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Scientists say they can stop stroke from causing brain damage
10.09.2012Previous studies have shown that stroke - the third leading cause of death in the U.S. - begins to damage the brain within minutes of its onset. Its effects, according to the Centers for Disease Control and Prevention, can include paralysis, altered speech and emotional imbalance.
However, researchers from the Calgary Stroke Program from Foothills Medical Centre and the University of Calgary have releasing findings showing that a drug called Tat-NR2B9c (NA-1) may prevent a stroke from causing brain damage. Their report has been published in the Lancet Neurology.
"The results of this clinical trial represent a major leap forward for stroke research," said study leader Michael Hill. "There have been over 1,000 attempts to develop such drugs, which have failed to make the leap between success in the lab and in humans."
To conduct this clinical trial, the drug was given to brain aneurysm patients experiencing small strokes as a result of neurointerventional repair treatments. The entire set of patients who were administered NA-1 displayed substantially less brain damage following their treatments. Meanwhile, treatment outcomes were poor for more than 30 percent of a control group given placebos.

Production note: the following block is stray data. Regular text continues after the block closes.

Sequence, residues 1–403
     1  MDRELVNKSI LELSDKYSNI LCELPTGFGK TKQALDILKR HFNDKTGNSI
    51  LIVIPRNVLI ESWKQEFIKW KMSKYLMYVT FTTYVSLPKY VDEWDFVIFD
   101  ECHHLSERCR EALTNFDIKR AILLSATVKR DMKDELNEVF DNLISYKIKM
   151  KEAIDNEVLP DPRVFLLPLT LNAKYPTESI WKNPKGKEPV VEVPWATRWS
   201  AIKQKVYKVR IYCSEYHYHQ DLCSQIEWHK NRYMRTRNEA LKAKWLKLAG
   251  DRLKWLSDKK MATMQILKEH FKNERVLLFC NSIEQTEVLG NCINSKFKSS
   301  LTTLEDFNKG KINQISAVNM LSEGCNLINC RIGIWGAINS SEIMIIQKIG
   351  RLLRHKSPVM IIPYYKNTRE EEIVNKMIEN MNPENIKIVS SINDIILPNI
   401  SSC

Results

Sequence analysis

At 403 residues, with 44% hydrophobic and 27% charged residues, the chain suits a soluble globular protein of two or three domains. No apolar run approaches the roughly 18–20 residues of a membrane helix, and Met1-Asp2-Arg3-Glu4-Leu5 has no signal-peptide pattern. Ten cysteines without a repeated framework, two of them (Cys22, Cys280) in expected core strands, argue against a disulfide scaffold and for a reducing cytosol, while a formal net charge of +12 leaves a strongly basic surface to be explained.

According to estimates provided by the Internet Stroke Center, almost 800,000 U.S. residents a year require urgent medical care from emergency department physicians for stroke, and the interruption of blood flow to the brain is the most prevalent cause of ongoing disability in the nation. The condition of hypertension increases the risk of stroke more than any other factor, and smoking doubles the odds that an individual will need immediate care for a stroke.
News provider checks into neuropreventive breakthrough
The Calgary Herald, reporting on this drug, spoke with head researcher Michael Hill. The clinician said NA-1 may enable emergency surgeons to take more time to reconstitute blood flow to the brain following a stroke, which would reduce the amount of damage a patient's brain could incur.
The news provider also chronicles the experience of Millie Nelles, a Canadian placement agency worker, one of the study participants who was given the NA-1 before brain aneurysm repair surgery.
"When I found out it was the real drug, I honestly know this drug saved my life," Nelles said to the Calgary Herald. "It's just an amazing feeling. I feel like through this, I can help others."
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